Imperial Bedrooms, Bret Easton Ellis’s seventh novel and a sequel to his debut Less Than Zero, is pure L.A. noir. It has the seedy underbelly of Los Angeles lurking just beneath the glitter and glamor; it has the requisite femme fatale, appropriately blonde and mysterious. It has the doomed and corrupt narrator who is taken for a ride and is constantly one step behind everyone else. It has the fast clip dialogue in which no one says what they really mean and are always full of vague warnings of danger.
Ellis offers an early clue as to his literary intentions with an epigraph from Raymond Chandler’s novel The Long Goodnight: “There is no trap so deadly as the trap you set for yourself.” You can’t get any more noirish than that. The title Imperial Bedrooms is also taken from an Elvis Costello album (Less Than Zero is title of a Costello song), and that offers yet another clue that Ellis is still writing about pop culture, its influence on modern life, and the superficial way it defines the L.A. denizens of his novels.
The characters in Imperial Bedrooms, namely Clay, Blair, Julian Wells, Rip Millar, and the others are all back, only now 25 years older and still emotionally dead. The story revolves around a mystery when L.A. screenwriter, Clay, gets involved with a young actress named Rain Turner, who turns out to be a prostitute who is in love with Clay’s old drug buddy, Julian, and is and was involved with Rip and a now very dead Kelly Montrose. How Kelly wound up dead is the mystery, but the real mystery is how these people ever managed to survive this long with all the drugs, booze, and cheap sex they engage in. Actually, several other murders and tortures take place before the novel ends, so that addresses the issue of survival. Still you have to wonder how they managed to make it out of their twenties alive. These are characters who live on the precipice of time and any one move should have sent them over the edge a long time ago.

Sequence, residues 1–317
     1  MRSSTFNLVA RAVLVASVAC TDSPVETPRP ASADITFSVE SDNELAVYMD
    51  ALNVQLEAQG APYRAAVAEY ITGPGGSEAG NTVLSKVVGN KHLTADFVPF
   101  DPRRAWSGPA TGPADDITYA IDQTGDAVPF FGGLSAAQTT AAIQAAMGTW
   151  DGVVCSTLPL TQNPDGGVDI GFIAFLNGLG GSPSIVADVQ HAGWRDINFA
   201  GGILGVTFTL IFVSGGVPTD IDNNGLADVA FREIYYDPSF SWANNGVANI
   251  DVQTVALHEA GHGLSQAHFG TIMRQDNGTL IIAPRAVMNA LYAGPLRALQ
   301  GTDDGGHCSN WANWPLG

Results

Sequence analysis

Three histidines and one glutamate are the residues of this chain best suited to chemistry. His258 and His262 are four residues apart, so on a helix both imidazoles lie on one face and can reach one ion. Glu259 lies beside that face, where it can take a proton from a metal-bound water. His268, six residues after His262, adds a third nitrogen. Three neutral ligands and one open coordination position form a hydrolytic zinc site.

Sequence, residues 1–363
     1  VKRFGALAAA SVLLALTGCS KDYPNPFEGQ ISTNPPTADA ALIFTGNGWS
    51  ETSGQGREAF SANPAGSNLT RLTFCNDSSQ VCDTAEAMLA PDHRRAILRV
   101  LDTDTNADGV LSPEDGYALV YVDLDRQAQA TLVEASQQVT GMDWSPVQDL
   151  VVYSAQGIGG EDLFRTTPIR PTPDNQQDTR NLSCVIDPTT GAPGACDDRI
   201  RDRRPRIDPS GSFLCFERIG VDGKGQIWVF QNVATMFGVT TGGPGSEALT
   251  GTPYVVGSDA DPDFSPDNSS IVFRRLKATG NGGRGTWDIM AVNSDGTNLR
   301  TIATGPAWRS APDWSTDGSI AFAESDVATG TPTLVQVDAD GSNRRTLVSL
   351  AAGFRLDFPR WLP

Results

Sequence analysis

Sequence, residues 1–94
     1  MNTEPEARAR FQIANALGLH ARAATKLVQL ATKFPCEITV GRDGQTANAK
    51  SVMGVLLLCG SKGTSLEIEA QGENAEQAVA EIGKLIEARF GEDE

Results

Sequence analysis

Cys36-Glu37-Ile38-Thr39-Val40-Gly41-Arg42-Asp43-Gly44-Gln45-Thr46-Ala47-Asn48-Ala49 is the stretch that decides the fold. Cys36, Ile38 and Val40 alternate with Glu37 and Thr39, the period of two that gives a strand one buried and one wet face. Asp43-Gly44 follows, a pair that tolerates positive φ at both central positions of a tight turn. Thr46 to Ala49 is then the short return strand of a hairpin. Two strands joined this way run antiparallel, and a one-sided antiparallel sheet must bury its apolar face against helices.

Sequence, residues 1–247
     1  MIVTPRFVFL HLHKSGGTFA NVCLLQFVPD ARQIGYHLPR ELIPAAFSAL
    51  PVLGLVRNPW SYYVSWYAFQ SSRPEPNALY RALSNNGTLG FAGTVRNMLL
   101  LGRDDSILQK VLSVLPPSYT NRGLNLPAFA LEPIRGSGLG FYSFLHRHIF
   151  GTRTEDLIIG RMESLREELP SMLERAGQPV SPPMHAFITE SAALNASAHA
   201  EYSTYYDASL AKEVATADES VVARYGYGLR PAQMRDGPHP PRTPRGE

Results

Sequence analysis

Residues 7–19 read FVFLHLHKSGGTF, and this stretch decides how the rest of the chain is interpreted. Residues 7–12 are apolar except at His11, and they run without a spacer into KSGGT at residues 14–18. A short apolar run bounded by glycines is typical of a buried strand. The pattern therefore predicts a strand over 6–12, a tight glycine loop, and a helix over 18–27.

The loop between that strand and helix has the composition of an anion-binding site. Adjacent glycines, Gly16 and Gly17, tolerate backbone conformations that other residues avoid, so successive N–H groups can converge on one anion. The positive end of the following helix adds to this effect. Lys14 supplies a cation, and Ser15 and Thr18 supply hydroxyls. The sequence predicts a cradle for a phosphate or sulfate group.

They're zombies basically, living one day at a time with no sense of the world outside their rarefied enclave of Hollywood release parties and audition calls. Spoiled, pathological, and sociopathic, they use people for their own purposes or pleasures without any fear of reaping the consequences. In this way, Ellis is able to paint a world that turns the conservative mythology of wealth going to the deserving straight on its head. It certainly explains why Less Than Zero was considered so mind-blowing in the Reagan era. Still, Imperial Bedrooms would be just as shocking, except that much of pop culture from films to television to pop music, approaches the same material. What TV series or movie doesn’t have at its foundation flawed characters who are just this side of pathological? And isn’t Lyndsay Lohan simply an Ellis character writ large?
I imagine even Ellis understood the world he was sending this book out into, which might explain why he felt the need to ratchet up the shock factor. Granted, from what I have read (admittedly I’ve never read any of Ellis’s work before), and what Ellis alludes to himself in Imperial Bedrooms, this is merely a continuation of the things his characters did in the novel’s prequel, but still it has a gratuitous smell to it, like Ellis is being shocking for the sake of it.
There isn’t a likable character in the bunch, but they do make for a compelling read if only to find out what happens to them once the mystery (something to do with an unpaid debt, prostitution, and snuff films) is solved. Ellis’s writing style, hailing from the minimalist movement (Ellis was a protegee of Raymond Carver’s editor Gordon Lish), perfectly captures the ennui of his characters. He does a good job of creating the seediness of L.A. glamor, its superficiality masking a far uglier reality below. Ellis makes no bones about how pathological his characters are, so Imperial Bedrooms is truly a novel about morality. Unfortunately, it tracks well-worn territory. After all, this is the story of Amy Winehouse, Paris Hilton, Charlie Sheen, Mel Gibson, the Kardashian sisters, the Real Housewives of Beverly Hills, and all the other wanna-bes and has-beens who are eking out their sad existences in Hollywood. You can read all about that and more on Popeater.